Emerging Women Leaders in Kerala, India

Posted by Becca Morahan on 29 August 2013

Becca M

I am visiting Fair Trade Alliance Kerala (FTAK) to understand more about the role of women in the production of cashew and coffee. It is also a chance to learn about how FTAK is supporting women to participate in the organisation, through the creation of women’s groups and a fund for additional income-generating activities carried out by women. The research carried out here will help Twin develop its strategy for work on gender with farmer organisations and to share any examples of best practice with other producer groups. Having met with 36 women members at a lively meeting at FTAK’s office on Saturday, I am beginning a week of small group meetings across the different areas where FTAK is active.

I am visiting FTAK members Princy and her husband Sibi, on Manjumala, meaning ‘Misty Hill’. It is aptly named – one of the founders of FTAK Father Joy (my translator for the week) and I trek up a rocky path, admiring the views and secretly catching our breath. We find Princy who has come to meet us half way. She leads us along an intricate web of paths, across her neighbour’s new rubber plantation, and a slippery stream. It is another half an hour to her house, and I think about how she must do this journey twice a day, without doubt in half the time.


Princy is secretary of the local FTAK cell, managing the savings and credit scheme for 12 families. They each contribute 50 rupees/week (recently increased from 20) and are able to borrow larger amounts when needed, for example for buying animals, school feels or planting a new crop. There is also a communal fund for emergencies such as taking family members to hospital.

She is also involved in another government led women’s group, and teaches at Sunday school. Sibi smiled when I asked how he felt about how busy and active his wife is outside the home. He said he was very happy: "We need to sensitise women to fight for their own justice. They are not aware. Each one should be aware of their own situation as a starting point. Change is taking place. Men are supporting women to participate, it is very positive."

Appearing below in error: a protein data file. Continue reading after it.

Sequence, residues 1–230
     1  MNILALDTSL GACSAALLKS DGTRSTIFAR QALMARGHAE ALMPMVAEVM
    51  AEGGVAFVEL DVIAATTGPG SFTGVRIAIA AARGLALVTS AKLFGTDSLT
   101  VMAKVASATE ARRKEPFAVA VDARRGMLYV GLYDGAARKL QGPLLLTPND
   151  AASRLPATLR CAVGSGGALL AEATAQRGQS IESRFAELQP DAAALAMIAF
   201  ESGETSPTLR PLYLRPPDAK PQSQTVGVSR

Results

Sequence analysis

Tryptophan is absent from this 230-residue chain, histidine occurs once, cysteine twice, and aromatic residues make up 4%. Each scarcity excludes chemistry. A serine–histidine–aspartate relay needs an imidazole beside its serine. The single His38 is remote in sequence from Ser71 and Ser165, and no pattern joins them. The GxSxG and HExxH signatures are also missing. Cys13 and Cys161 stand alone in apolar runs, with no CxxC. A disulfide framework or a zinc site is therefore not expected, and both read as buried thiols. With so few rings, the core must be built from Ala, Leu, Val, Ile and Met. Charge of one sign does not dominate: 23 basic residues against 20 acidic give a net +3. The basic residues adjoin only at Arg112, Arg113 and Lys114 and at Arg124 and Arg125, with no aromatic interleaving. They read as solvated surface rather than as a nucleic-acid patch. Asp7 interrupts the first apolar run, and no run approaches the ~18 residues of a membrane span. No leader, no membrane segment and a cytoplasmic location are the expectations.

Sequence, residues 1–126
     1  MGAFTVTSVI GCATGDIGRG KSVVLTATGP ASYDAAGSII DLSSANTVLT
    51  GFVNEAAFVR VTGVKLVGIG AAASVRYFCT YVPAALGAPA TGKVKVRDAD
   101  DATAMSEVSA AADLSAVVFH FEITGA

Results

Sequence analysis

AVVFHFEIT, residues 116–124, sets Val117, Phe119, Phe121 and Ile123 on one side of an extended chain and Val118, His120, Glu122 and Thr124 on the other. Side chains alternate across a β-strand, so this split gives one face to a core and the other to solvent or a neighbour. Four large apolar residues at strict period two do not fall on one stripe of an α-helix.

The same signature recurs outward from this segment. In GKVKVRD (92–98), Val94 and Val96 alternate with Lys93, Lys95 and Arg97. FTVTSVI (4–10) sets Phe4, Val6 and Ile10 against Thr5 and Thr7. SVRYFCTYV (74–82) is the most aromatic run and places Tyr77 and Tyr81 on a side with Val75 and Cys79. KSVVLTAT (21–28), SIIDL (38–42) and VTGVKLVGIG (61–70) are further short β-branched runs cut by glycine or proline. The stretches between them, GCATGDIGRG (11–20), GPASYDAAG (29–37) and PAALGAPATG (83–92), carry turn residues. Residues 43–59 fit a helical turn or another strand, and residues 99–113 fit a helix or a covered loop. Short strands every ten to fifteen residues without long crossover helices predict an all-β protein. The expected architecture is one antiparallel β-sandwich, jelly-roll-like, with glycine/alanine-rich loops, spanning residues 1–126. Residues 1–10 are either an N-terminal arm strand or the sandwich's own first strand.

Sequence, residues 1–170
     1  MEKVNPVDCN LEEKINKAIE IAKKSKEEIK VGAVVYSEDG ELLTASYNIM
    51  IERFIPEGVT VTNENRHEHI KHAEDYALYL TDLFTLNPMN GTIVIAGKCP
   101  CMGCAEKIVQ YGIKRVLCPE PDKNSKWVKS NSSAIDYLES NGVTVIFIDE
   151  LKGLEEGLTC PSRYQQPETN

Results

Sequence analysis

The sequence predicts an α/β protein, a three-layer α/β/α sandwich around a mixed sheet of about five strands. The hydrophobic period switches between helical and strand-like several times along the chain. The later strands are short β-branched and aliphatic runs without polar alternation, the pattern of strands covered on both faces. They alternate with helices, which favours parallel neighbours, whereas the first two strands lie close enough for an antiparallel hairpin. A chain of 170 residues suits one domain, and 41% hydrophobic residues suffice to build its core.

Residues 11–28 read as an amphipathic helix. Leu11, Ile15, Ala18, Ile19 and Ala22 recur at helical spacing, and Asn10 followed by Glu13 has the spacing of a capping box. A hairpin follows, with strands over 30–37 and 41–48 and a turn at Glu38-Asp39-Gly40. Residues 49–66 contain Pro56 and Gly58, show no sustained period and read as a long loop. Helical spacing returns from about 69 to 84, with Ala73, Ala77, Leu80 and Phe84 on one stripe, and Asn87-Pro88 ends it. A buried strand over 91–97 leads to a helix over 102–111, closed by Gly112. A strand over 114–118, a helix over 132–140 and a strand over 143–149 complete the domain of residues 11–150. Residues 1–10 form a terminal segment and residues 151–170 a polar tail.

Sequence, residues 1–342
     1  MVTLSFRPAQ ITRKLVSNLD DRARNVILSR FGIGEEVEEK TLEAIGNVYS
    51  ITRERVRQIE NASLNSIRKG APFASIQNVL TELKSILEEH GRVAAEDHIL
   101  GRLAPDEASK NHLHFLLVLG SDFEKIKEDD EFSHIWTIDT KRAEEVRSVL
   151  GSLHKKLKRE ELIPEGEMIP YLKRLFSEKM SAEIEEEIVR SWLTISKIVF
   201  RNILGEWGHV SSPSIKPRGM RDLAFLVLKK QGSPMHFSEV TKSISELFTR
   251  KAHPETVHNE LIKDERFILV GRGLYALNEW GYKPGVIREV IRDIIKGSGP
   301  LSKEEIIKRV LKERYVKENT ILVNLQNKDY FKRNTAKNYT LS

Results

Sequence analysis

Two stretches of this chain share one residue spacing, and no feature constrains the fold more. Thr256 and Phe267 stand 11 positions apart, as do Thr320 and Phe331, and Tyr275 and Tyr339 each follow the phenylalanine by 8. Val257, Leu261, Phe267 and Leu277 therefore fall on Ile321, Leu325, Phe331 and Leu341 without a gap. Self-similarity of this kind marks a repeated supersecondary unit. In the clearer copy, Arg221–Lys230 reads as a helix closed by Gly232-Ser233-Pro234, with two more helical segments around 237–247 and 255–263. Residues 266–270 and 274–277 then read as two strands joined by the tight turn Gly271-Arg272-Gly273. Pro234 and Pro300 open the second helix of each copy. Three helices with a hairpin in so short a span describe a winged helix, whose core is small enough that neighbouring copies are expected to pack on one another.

As well as managing the farm, they both do around 150 days work a year outside, Sibi in construction, and Princy sewing bags for a local tailoring business. Their biggest expense is their children’s education. They have three children in school, aged 7, 11 and 13. Travel alone costs 1500 rupees per month, and they must also pay for uniforms, books and textbooks.

In conversation, Sibi and Princy demonstrated a strong emphasis on partnership and working together, an approach which FTAK encourages. From the start, FTAK membership has been for the whole family rather than the head of household, and in 2011, they began to more actively encourage the involvement of women in the organisation and to develop their skills and confidence outside the home.

Later that afternoon, I meet other women in Princi’s area who are part of a women’s group, including the current vice-chair of the organisation, Aniamma Kulathinal Mathai. She describes the impact on women’s increasing involvement in FTAK:"There is an increasing recognition of women’s contribution, and more mutual understanding. We have been given the opportunity to go beyond the kitchen. We now go to different places for meetings. My fear has gone, I can now speak in front of other people. I have a sense of confidence and can talk to others. We understand what organic agriculture is and share with each other, at the seed festival. These are all new experiences, seeds which we have planted and are developing. Sometimes household duties are neglected but men are supportive and encouraging."